The 1996 action movie Twister is having what we call in the business A Moment. In June, rumors started to (ahem) swirl that it might be getting a reboot. Then, earlier this month, Esquire declared that the film—about a group of tornado-chasing scientists traipsing across the Midwest—was “the most American movie you can watch on the Fourth of July.” Last week, New York magazine’s Vulture named it “the perfect ‘90s disaster flick.” The attention is well-deserved, of course—director Jan de Bont’s movie is as perfect as Helen Hunt’s wind-swept hair—but their timing is curious. Why talk about a 24-year-old movie now, when you could talk about it next summer, which will be its quarter-century anniversary? Or, really, any other time?
A theory: There’s no other summer blockbusters to talk about.
As Covid-19 keeps most multiplexes closed to the public, all of the big summer movies that were supposed to come out this year have been postponed or delayed, beginning with the new James Bond flick No Time to Die and continuing on to yesterday’s report that Christopher Nolan’s next movie Tenet will be delayed for a third time. From Jaws in 1975 to Mad Max: Fury Road four decades later, every summer has had one massive movie that nearly everyone saw and proceeded to talk about. But, this year, coronavirus lockdowns are shifting the discourse around the summer blockbuster, changing how we’ll remember the culturally significant events of 2020. And perhaps how we’ll remember those milestones for years to come.
Quite frankly, this might be a good thing. Right now, Hollywood is (ahem) reeling due to the ramifications of Covid-19. Studios can’t—or at least don’t want to—release movies when theaters are mostly closed. They’re also only just now finding a way to make movies during a pandemic when no one can be less than six feet apart. The impacts, and ripple effects, are likely to be huge. But at the same time, the pressure and predictability of Summer Blockbuster Season has gotten a bit stale. Every year, studios trot out flashy, bold-faced names and big superhero pictures in the hopes of breaking box office records, and every year—at least every year for the last few—it’s yielded diminishing returns. Fury Road in 2015 was, undeniably, a juggernaut: smart, beautiful, pure audio-visual adrenaline. Since then, there’s been Wonder Woman (solid), X-Men: Apocalypse (uh…), Toy Story 4 (OK, sure), Suicide Squad (Margot Robbie was good in that), Solo: A Star Wars Story (don’t remind me), and, um, some other stuff? Each summer there’s been a big Marvel movie—Captain America: Civil War, for example, or Avengers: Endgame or a Spidey flick—but as good as those films were, they mostly felt like they were riding on the nostalgia fumes of the first Avengers movie in 2012. (One big exception: Black Panther.) Minus a few indie outliers, the act of going to the movies from April to August has felt obligatory rather than revelatory.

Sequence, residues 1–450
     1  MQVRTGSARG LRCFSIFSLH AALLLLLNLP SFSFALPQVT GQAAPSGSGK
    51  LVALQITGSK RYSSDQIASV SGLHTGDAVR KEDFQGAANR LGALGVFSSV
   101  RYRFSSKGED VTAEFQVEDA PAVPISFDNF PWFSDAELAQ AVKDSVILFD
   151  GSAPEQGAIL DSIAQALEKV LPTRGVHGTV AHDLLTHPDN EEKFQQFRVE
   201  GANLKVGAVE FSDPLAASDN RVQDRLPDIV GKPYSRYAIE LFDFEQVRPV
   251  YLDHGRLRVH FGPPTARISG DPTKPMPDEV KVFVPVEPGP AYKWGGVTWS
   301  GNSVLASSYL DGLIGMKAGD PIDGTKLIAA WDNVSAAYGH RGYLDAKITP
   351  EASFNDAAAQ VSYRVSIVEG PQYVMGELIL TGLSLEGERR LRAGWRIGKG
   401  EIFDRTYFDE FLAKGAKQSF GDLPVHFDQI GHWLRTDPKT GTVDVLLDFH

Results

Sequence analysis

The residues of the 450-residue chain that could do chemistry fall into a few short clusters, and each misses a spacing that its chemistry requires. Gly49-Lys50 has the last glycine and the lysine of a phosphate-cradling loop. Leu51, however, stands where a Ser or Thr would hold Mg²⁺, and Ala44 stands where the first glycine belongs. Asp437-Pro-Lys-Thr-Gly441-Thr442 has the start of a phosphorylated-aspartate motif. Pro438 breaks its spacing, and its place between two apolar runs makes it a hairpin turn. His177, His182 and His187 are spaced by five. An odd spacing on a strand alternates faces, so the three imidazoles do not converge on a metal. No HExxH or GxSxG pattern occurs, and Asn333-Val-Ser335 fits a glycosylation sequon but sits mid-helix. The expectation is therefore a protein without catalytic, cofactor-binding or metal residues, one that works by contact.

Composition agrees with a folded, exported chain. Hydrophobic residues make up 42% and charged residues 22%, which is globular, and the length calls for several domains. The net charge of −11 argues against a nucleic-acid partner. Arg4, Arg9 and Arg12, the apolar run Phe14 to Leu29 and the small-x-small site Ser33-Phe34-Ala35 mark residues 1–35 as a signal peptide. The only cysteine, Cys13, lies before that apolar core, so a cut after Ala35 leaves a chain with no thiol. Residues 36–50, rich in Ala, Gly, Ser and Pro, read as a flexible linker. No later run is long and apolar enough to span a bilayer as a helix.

That’s OK. I’m not here to pooh-pooh anyone’s good time. But if this Summer Without Blockbusters teaches us anything, hopefully it’s that its time to shake things up, remember the element of surprise. That’s not to say Marvel should scrap its Phase 4 plans, but it wouldn’t be the worst idea for a studio to release something unexpected in addition to the latest Fast & Furious reboot. (Sadly, this might’ve been the hole Tenet filled this summer, but now we’ll never know.)
History bears this out. The greatest summer phenomena have always been surprises. Jaws was. So, too, was its oddball distant cousin The Meg. Outside of cinema, things like Beyoncé’s Lemonade or Pokémon Go or HBO’s Sharp Objects ricochet around the public consciousness rapidly by being wildly smart and creative at a time when everything else feels rote. (See also: Fortnite in the summer of 2018.) Truth be told, it’s kind of unfortunate Beyoncé announced a release date and released trailers for her upcoming visual album Black Is King it likely would’ve caused much more of a stir if it’d just dropped fully-formed on Disney+. Hype is nice, but it gets old.
Perhaps that’s why it’s fun to talk about 24-year-old movies now. Today, Twister is one of those films that’s morphed from blockbuster to comfort food. At a time when unexpected revelations are oftentimes more bad news, its pleasures are known. (Helen Hunt chasing storms! A soundtrack with k.d. lang and Van Halen! Cows!) It’s not so much a new discovery as a reminder of a previous one. In the future, though, Hollywood would be wise to remember that at one time, a disaster movie/rom-com hybrid made nearly $500 million at the box office. It doesn’t need a reboot. It needs to be a blueprint. Summer’s true joys show up when and where you least expect them.
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